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December 01, 1989 - Image 7

Resource type:
Text
Publication:
The Detroit Jewish News, 1989-12-01

Disclaimer: Computer generated plain text may have errors. Read more about this.

OPINION

CONTENTS

Case For The Court:
A Jewish Justice

DR. HAROLD M. JACOBS

T

hrough most of the
20th century, from the
appointment of Louis
Brandeis to the Supreme
Court bench by President
Woodrow Wilson in 1916 un-
til the resignation of Justice
Abe Fortas in 1968, there had
always been at least one
Jewish member on the
highest court in the land. In-
deed, for some of those years,
two of the nine members of
the court had been Jewish —
Benjamin Cardozo and Louis
Brandeis served together
from 1932 until 1938.
A tradition of a "Jewish
seat" existed from Brandeis
and Cordozo to Felix
ankfurter, Arthur Goldberg
and Abe Fortas, giving the
Jewish community the feel-
ing of recognition by

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mainstream America as one
of the three major faiths on
the American scene with Pro-
testantism and Catholicism.
As Jews became. more ac-
cultured to American life,
Jewish representation was
symbolic of their acceptance.
The rise in the importance
of the Supreme Court as an
institution involved in the
daily lives of most Americans,
acting as a protective screen
for the powerless in society
and against government en-
croachment on the wall
separating church and state
influenced Jewish attitudes.
Likewise, many Jews
respected the courts' role as
final interpreter of the law as
being consistant with Jewish
tradition where the rabbinic
scholars of the law are the
authorities in halachic
matters.
For Jews and other
American minority groups,
the Supreme Court of the
United States has served as a

Dr. Jacobs is the President of
the National ouncil of
Young Israel.

bulwark against a "tyranny
of the majority" developing.
The founding fathers of our
constitutional system feared
that transient democratic ma-
jorities could enact legislation
harmful to political or ethnic
minorities. Those who attend-
ed the Constitutional Con-
vention in Philadelphia in
1787 designed a Federal
government with three
separate institutions sharing
power. Neither President nor
Congress was given enough
power to totally dominate the
other, with a 200-year tug of
war between the two the
result.
With the establishment of
judicial review as a guiding
principle of American govern-
ment, the Supreme Court
became the final arbitor of
the constitution. Having the
power to declare legislation or
executive decisions as un-
constitutional makes the
court the stronghold against
the development of a tyranny
of the majority.
In the 20th century, it has
been the Supreme Court
which has taken the lead in
preserving and even expan-
ding the rights of minority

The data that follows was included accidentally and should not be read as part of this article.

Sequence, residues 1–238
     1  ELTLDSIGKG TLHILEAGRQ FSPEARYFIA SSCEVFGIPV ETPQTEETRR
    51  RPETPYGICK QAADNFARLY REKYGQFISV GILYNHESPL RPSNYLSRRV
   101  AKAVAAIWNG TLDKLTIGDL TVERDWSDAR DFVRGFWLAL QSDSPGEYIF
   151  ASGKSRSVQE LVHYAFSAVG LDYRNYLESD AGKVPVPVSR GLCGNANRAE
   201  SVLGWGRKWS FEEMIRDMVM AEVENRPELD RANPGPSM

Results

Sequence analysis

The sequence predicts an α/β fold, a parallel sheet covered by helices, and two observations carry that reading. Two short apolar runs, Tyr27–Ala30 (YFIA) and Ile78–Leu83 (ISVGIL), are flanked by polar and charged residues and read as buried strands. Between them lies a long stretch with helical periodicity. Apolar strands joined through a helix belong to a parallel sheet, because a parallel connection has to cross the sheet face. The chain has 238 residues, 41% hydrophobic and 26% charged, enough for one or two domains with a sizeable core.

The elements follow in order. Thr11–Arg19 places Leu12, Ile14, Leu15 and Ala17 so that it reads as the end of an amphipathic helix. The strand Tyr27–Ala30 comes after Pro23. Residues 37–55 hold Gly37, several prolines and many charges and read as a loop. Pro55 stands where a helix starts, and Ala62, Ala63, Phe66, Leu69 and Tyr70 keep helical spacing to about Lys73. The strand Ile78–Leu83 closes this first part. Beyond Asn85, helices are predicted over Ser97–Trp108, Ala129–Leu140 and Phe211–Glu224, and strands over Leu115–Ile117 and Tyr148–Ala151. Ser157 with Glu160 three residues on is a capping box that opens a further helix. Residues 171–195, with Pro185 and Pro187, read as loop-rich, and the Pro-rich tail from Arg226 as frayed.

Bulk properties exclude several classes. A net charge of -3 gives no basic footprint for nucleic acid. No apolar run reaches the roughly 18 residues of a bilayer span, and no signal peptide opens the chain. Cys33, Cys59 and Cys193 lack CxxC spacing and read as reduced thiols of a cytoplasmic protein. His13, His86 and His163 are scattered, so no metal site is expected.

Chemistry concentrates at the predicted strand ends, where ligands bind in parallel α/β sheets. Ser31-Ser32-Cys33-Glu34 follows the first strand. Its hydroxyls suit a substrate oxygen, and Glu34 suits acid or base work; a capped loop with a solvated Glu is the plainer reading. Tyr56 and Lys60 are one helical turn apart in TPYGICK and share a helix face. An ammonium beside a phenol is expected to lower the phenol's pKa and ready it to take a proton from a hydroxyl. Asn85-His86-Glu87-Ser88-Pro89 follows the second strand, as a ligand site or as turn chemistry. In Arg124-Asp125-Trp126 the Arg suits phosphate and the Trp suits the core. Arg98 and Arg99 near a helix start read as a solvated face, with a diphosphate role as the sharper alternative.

groups. Through such land-
mark cases as Brown versus
Ibpeka Board of Education
which outlawed school
desegregation or Baker ver-
sus Carr which strengthened
the one-man one-vote tradi-
tion of U.S. democracy, the
Supreme Court has
demonstrated its ability to
check abuses of core
democratic principles and to
insure equal protection under
the law for all Americans —
black and white, Jew and
gentile.
For almost 20 years there
has been no Jewish represen-
tation on the Supreme Court.
The Jewish community
boasts of many legal scholars
and judges who are eminant-
ly qualified for an appoint-
ment to the highest court in
the land. Since the role of the
judicial branch of our govern-
ment is so important to Jews
and other minorities and the
important symbolism of the
"Jewish seat" on the court,
we urge that President Bush
act to restore the tradition of
a Jewish Supreme Court
justice.
The different religious and
ethnic groups that form the
American mosaic should look
to the court as a body
representing the great diver-
sity that is the United
States. ❑

CLOSE-UP

30

Secret
Identities

MICHAEL WEISS
The real-life faces behind
the comic book superheroes.

ISRAEL

48

Ethiopian Jews
And Ethnocentrism

ARLENE KUSHNER
The Beta Yisrael's customs
differ, but they are still Jews.

SPORTS

61

Just Plain Barry

30

RICHARD PEARL
The JCC's veteran basketball
coach is a very popular guy.

ENTERTAINMENT

Shooting Reality

A former Detroiter has taken
Hollywood's stars to film.

PEOPLE

Love Letters

HOPE EDELMAN
A much-needed outlet
is provided through the mail.

LIFESTYLES

Community Leader

61

102

CAfILA JEAN SCHWARTZ
Barbara Stollman has yet
to learn how to say 'No!'

TRENDS

Why Jews Intermarry

111

RUTH MASON
A study finds social contacts
have the greatest influence.

DEPARTMENTS

36
53
54
66
68

Inside Washington
Community
Synagogues
Education
Fine Arts

104
106
108
118
146

Engagements
Births
Single Life
Classified Ads
Obituaries

CANDLELIGHTING

102

Friday, December 1, 1989 4:43 p.m.
Sabbath ends Dec. 2 5:48 p.m.

THE DETROIT JEWISH NEWS

7

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